HB 1361, which would allocate $100,000 toward funding an analytical study determining the one-ounce equivalency, was approved by the full House and sent to the Senate Health and Human Services committee on April 21. According to the Associated Press, the bill is up for a hearing Thursday, though the state legislative site doesn't have it listed as of this morning.
Initiative Filed To Legalize Recreational Marijuana In Nevada
Category: Legalization | Posted on Thu, May, 1st 2014 by THCFinder
An initiative to legalize the recreational use, possession and distribution of cannabis has been filed in Nevada by the Campaign to Regulate Marijuana. Advocates will have until November 11th to collect 101,667 valid signatures; if they’re successful, lawmakers will consider the measure during the 2015 session. If lawmakers reject the measure, it would be automatically put to a vote of the people in 2016.
Under the proposed law, the possession of up to an ounce of cannabis would be legal for everyone 21 and older. Cannabis retail outlets would be authorized to distribute the substance.
Under current Nevada law, the possession of any amount of cannabis is a misdemeanor charge with a potential jail sentence of up to a year. For someone’s 4th offense of possession of up to an ounce of cannabis, the charge is a mandatory minimum sentence of 1 to 4 years. This new initiative would make the possession of up to an ounce entirely legal for those 21 and older.
Classical Grass: Colorado Symphony Orchestra Teams With Weed Industry
Category: Culture | Posted on Thu, May, 1st 2014 by THCFinder
The Colorado Symphony Orchestra has devised a plan to raise interest in classical music by holding a number of upcoming weed-friendly events. It may be the state's only full-time professional orchestra, but it faces the same budget concerns and diminishing audiences plaguing other ensembles. So why not exploit the state's budding marijuana business? "The cannabis industry obviously opens the door even further to a younger, more diverse audience," the Symphony's CEO Jerome Kern told The Associated Press. For the marijuana producers, Kern said, the symphony offers its legitimacy.
The Great Marijuana Experiment: A Tale of Two Drug Wars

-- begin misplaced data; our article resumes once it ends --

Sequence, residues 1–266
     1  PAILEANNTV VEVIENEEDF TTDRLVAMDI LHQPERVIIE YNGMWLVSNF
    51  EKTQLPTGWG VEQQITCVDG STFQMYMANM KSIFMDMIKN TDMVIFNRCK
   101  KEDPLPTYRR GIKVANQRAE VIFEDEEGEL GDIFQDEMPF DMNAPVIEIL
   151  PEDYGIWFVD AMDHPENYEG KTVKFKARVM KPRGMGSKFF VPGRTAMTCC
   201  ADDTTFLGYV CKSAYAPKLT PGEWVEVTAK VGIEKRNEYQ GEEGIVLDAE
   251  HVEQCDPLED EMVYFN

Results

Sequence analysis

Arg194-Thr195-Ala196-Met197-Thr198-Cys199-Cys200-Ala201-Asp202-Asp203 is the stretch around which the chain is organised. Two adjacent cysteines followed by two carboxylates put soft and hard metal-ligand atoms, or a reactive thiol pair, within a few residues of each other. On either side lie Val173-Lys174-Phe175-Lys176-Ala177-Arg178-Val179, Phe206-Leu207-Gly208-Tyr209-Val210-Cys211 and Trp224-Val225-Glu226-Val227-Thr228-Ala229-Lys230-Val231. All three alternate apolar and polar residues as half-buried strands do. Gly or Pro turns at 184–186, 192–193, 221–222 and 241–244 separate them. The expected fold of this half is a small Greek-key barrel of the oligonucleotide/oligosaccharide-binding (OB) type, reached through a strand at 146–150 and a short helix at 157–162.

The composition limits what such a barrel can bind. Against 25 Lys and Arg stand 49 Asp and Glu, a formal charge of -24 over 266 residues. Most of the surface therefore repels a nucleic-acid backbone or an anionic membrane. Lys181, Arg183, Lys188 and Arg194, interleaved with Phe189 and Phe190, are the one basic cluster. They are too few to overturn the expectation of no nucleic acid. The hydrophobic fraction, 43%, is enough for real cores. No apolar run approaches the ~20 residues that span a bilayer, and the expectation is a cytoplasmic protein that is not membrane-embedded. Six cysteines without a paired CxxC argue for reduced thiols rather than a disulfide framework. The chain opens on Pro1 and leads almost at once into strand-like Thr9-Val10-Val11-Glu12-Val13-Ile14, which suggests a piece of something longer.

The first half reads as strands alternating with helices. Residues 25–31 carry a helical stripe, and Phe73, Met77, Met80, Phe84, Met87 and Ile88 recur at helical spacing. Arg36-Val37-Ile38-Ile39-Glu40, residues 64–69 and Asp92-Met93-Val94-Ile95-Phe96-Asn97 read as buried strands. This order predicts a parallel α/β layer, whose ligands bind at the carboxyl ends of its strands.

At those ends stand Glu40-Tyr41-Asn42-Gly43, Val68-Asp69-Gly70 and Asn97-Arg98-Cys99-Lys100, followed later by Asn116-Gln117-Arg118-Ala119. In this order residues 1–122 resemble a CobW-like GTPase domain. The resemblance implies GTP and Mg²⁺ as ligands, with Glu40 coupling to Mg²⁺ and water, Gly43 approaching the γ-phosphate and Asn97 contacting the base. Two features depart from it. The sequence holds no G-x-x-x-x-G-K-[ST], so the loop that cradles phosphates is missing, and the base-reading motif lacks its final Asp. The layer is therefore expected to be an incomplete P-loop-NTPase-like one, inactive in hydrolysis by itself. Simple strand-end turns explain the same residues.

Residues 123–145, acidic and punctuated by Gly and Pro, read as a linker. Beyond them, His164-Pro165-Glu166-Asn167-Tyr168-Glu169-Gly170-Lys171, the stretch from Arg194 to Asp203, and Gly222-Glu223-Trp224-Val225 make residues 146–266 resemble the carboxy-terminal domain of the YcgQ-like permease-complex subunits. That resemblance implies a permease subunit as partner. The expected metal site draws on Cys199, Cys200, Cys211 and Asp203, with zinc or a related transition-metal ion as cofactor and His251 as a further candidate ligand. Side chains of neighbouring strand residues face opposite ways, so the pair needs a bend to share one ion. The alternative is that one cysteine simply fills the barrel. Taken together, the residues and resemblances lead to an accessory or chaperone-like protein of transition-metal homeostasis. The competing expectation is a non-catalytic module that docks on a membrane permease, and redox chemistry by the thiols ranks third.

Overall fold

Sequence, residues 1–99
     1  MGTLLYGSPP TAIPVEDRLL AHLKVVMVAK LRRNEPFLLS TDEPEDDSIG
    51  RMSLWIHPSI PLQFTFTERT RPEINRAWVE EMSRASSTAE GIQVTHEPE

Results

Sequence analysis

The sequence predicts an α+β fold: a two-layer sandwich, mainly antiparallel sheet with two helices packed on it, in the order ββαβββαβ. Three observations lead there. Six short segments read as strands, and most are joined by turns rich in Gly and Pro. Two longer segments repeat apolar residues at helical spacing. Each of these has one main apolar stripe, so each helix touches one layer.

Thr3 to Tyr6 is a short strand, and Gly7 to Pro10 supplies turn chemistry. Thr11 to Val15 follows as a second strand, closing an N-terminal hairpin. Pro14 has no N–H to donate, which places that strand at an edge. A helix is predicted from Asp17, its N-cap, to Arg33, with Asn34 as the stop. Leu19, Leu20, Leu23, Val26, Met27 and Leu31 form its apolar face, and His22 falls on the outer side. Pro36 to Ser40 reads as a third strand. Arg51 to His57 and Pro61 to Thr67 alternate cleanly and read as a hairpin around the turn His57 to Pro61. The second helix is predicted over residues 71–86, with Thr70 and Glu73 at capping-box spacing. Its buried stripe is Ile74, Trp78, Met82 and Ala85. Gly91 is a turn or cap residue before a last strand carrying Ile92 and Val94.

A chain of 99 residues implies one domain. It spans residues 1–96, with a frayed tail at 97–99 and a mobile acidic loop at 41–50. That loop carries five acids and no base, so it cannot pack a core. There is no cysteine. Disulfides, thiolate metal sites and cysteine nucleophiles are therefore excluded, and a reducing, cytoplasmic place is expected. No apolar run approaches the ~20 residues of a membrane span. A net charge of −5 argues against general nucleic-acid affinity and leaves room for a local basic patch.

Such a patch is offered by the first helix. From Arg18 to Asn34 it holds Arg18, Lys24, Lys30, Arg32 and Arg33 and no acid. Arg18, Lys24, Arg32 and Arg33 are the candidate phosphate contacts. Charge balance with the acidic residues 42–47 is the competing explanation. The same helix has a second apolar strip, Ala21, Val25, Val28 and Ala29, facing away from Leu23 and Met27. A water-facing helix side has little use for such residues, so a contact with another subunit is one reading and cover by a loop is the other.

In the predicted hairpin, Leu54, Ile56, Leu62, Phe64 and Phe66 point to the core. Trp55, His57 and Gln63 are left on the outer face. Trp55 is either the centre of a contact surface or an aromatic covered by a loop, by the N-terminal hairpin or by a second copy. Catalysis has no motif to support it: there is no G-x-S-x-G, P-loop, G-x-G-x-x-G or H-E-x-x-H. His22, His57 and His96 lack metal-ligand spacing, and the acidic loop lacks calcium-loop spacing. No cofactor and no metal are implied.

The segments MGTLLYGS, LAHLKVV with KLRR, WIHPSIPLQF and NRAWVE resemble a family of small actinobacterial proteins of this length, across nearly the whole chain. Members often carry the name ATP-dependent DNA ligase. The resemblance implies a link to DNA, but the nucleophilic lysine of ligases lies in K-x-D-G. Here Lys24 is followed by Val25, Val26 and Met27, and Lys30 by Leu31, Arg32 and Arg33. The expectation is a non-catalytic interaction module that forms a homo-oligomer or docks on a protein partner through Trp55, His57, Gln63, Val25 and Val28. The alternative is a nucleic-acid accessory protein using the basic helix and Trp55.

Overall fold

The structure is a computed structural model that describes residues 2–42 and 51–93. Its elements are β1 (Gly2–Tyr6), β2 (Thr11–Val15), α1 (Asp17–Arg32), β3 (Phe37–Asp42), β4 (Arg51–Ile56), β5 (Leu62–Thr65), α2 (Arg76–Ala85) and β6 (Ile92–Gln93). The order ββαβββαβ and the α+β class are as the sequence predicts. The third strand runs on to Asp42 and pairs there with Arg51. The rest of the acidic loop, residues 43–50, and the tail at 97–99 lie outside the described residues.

The concert series, "Classically Cannabis: The High Notes Series," will feature small ensembles of musicians playing in a downtown Denver gallery. It will culminate with a concert at the Mile High City's vaunted Red Rocks venue. "This is a cannabis-friendly event," the Symphony's website said of the latter event. "But cannabis will NOT be sold at this event; it's strictly B.Y.O.C. (bring your own cannabis)." (Smoking pot is officially illegal at Red Rocks, though music fans have been scoffing at that law for years.)
A business called Edible Events Co. has organized the events, encouraging concertgoers to bring joints, baked goods or tinctures of marijuana. "We try to create upscale events where people can come and enjoy some cannabis just like they would a glass of wine," Edible Events' Jane West said. Attendees must be 21 and over and have $75 for a ticket.
The symphony has also scheduled a series called "Beethoven and Brews," putting classical music in hotel bars and local breweries. Tickets for those events are slightly cheaper, ranging from $40 to $65.
One member of the symphony's volunteer guild, Judith Inman, has expressed her reservations about the organization's new fundraising practices. "I know that the symphony needs new sponsors, and they are trying to go after a younger group," she said. "I just don't think this is the way to go about it."
Marijuana sales have been legal in Colorado since January. AP reports that 52 percent of state residents feel that marijuana legalization has been beneficial and 67 percent disagree with the statement that legalization has "eroded the moral fiber" of Coloradans.